State-of-the-art web search personalization treats users as static or slowly evolving entities with a given set of preferences defined by their past behavior. However, recent publications as well as empirical evidence suggest that there is a significant number of search sessions in which users diverge from their regular search profiles in order to satisfy atypical, non-recurring information needs. In this work, we conduct a large-scale inspection of real life search sessions to further the understanding of this problem. Subsequently, we design an automatic means of detecting and supporting such atypical sessions. We demonstrate significant improvements over state-of-the-art web search personalization techniques by accounting for the typicality of search sessions. The merit of the proposed method is evaluated based on web-scale search session data spanning several months of user activity.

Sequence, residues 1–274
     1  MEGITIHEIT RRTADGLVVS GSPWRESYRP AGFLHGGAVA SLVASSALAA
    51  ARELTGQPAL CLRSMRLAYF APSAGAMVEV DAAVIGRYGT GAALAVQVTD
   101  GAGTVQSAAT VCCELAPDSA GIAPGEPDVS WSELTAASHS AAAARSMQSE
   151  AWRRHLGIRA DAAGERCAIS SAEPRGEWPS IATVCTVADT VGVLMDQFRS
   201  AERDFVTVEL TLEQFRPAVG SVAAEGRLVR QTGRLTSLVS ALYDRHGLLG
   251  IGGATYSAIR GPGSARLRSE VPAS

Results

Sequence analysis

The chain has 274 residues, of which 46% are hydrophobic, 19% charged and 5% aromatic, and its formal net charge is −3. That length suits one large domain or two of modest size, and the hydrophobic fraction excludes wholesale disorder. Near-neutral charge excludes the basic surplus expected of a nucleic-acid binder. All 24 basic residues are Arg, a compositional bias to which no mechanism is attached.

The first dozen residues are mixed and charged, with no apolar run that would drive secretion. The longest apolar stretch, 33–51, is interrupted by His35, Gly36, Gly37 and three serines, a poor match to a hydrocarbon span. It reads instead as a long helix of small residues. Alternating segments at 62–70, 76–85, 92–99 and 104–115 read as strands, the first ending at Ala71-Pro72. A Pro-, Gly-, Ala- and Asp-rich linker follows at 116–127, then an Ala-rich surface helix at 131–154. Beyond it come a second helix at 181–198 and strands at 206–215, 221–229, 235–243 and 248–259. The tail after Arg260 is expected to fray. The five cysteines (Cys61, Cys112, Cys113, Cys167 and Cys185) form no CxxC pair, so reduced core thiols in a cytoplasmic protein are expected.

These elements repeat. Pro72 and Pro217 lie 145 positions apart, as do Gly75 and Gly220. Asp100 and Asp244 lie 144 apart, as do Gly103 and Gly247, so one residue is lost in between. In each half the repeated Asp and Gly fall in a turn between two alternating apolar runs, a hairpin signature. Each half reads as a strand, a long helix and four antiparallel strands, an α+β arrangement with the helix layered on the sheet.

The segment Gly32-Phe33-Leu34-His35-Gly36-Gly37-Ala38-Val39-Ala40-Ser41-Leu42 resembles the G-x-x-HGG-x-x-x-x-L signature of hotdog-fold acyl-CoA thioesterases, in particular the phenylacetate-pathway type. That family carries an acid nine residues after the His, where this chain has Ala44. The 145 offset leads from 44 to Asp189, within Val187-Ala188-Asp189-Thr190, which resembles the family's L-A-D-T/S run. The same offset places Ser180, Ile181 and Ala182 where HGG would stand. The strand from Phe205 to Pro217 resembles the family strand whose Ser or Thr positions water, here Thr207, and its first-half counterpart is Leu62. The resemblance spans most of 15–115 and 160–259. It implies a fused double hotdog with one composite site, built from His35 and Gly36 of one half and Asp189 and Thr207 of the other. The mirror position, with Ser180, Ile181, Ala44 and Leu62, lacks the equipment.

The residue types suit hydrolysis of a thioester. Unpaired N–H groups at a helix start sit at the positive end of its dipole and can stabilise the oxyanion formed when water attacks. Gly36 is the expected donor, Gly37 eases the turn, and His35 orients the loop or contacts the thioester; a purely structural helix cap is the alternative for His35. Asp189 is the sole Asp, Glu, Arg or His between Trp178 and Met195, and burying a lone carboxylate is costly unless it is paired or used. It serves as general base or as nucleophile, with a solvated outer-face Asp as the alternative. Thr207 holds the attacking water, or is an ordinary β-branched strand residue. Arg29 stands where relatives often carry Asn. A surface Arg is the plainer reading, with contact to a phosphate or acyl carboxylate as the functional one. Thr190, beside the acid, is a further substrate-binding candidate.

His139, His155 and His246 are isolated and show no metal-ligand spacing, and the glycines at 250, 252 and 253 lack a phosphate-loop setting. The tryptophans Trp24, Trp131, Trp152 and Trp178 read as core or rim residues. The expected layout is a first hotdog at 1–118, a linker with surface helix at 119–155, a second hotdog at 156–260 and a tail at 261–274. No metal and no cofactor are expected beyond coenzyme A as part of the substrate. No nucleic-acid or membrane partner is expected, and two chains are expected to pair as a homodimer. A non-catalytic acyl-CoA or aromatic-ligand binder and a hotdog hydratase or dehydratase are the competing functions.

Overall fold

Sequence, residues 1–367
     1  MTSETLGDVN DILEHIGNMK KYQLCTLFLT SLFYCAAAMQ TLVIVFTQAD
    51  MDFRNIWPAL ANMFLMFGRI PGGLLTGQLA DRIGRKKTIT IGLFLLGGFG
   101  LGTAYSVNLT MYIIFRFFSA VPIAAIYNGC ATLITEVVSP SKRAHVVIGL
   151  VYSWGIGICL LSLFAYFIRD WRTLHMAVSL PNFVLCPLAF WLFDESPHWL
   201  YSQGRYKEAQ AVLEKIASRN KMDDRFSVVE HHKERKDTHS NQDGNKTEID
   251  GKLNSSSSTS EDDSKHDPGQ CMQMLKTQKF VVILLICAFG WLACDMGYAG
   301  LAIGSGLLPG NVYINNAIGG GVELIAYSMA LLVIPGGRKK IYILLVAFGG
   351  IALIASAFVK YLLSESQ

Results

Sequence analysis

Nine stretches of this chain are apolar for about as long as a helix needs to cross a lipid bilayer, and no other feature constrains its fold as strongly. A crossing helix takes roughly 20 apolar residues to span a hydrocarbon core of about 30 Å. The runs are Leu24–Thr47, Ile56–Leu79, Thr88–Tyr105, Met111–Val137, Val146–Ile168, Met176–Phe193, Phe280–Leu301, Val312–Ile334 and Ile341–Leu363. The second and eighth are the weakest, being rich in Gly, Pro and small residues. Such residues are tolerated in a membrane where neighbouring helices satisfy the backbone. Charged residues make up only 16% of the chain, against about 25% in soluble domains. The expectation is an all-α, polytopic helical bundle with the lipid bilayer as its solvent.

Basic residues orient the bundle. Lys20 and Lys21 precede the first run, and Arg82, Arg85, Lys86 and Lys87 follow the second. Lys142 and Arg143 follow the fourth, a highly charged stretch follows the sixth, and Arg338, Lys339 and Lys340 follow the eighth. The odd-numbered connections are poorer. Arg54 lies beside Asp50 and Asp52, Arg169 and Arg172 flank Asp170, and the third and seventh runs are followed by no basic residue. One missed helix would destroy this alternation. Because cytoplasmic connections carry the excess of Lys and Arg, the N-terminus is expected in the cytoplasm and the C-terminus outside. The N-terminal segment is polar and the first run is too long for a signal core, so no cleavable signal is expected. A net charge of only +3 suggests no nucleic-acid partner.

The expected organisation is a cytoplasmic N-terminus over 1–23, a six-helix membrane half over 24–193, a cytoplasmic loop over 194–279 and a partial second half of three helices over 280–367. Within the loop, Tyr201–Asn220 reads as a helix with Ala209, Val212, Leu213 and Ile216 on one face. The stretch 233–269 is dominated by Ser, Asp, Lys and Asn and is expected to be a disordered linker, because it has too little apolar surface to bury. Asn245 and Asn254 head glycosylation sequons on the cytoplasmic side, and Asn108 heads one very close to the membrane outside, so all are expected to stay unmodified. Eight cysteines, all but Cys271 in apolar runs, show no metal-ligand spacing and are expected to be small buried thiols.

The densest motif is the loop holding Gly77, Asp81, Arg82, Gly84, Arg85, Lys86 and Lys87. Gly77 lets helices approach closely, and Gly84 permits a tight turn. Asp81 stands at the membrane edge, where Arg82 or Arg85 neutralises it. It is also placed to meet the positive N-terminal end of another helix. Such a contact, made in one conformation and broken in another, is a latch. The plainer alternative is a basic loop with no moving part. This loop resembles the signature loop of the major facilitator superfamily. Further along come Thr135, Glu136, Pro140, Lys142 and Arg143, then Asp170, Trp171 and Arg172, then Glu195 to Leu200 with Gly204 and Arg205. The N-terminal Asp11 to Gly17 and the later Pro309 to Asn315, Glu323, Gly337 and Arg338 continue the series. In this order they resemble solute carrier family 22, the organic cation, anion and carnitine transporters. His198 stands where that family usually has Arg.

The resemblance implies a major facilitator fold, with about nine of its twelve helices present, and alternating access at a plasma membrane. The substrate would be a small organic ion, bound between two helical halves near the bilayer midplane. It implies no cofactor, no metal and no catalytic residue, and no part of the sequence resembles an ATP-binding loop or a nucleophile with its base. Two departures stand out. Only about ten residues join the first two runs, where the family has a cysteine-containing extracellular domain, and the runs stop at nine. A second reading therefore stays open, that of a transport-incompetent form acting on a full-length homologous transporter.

This work together with Kevyn Collins-Thompson, Paul Bennett and Susan Dumais has been accepted for full oral presentation at the ACM International Conference on Web Search and Data Mining (WSDM) in Rome, Italy.